The most important rule to remember is this one: Narrate a situation that had a happy ending, and do not get carried away by your emotions.
Happy ending in this case does not mean winning a conflict–that wouldn’t show the things the interviewers want to see in a good applicant for the job. It means rather a conflict when you came to a compromise, or even one when you realized you made a mistake, and learned from the conflict…
Tell us about a time when you had to meet a tight deadline
It is a tough word out there. Competition is enormous, managers ruthless, and people in corporations must try their very best, in order to maintain a competitive edge. Or to simply survive on the economic battlefield.
You will face pressure. You will have to meet tight deadline. And it won’t always be easy–or even possible. Show the interviewers that you are ready for the challenge. Speak about a situation from the past (can be also from school), when you successfully managed to prioritize your tasks, when you found the way, and eventually met a deadline.
Once again, the attitude you present it more important than the particular situation you narrate in your answer…
Other questions you may face in your business analyst interview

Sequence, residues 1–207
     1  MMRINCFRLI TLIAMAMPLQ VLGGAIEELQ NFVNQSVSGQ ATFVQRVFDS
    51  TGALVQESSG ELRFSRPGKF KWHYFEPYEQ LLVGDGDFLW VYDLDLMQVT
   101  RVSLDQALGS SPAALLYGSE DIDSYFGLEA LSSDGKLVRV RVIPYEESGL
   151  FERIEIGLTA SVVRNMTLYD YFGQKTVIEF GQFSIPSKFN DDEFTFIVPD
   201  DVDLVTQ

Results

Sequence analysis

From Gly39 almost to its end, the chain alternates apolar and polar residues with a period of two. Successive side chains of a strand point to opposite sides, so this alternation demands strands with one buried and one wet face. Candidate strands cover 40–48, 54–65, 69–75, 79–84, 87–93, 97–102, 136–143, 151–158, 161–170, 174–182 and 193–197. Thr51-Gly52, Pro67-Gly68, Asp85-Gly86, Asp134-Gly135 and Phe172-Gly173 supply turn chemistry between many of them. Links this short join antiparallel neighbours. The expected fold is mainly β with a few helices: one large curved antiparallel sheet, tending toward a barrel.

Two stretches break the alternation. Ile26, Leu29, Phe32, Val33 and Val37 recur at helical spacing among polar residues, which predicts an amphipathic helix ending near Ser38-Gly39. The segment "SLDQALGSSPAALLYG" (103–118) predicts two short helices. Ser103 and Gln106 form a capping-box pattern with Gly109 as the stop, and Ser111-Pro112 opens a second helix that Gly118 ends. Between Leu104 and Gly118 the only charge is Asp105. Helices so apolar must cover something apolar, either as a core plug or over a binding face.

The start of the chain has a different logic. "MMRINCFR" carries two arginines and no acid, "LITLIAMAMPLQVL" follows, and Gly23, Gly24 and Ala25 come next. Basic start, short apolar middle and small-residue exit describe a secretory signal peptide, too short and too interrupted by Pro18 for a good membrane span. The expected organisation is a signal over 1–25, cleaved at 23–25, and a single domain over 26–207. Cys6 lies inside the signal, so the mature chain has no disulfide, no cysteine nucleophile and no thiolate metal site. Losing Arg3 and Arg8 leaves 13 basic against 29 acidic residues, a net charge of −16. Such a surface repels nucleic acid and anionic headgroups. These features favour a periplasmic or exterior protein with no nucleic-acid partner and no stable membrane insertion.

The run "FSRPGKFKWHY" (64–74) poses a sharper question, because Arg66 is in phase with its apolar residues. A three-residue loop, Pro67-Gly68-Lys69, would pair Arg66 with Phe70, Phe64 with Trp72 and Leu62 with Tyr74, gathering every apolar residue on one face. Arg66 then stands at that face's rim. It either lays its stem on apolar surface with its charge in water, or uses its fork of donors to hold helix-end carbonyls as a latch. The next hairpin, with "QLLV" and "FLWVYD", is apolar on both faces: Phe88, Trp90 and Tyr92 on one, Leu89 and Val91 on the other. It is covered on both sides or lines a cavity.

- Describe a situation when you reached a goal and tell us how you achieved it.
- Tell us about a time when you used persuasion to convince someone.
- Have you ever worked on a project that was a failure? Describe it to us.
- Describe a time when you struggled with motivation in job (it was repetitive, you did not enjoy your duties, there was no work to do, etc). How did you overcome the crisis?
- Tell us about a time when you felt overwhelmed with work.
- Tell me about a time you had to comply with a policy or procedure that you did not agree with.
- Describe the biggest failure of your professional career.
- Describe a time when you did not know how to solve a problem. What did you do?
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Interview for a business analyst job belongs to difficult and tricky interviews. One can’t really tell in advance what is meant by the job title, and so it is hard to judge the exact questions you will hear from the hiring managers.
What’s more, companies also do not always know what they want, or need, and will use this fancy job title for a single reason: to attract young talent. For this reason, especially when we talk about entry level business analyst job, you should not waste your time preparing for technical or IT questions. You won’t have to answer any such questions in your interview.
You will deal with personal and behavioral (scenario-based) questions. Learn how to answer these questions, and show the right attitude to work in your interview. If you manage to do that, in four out of five cases you will get a chance.
I hope you will succeed, and wish you best of luck in this tricky interview!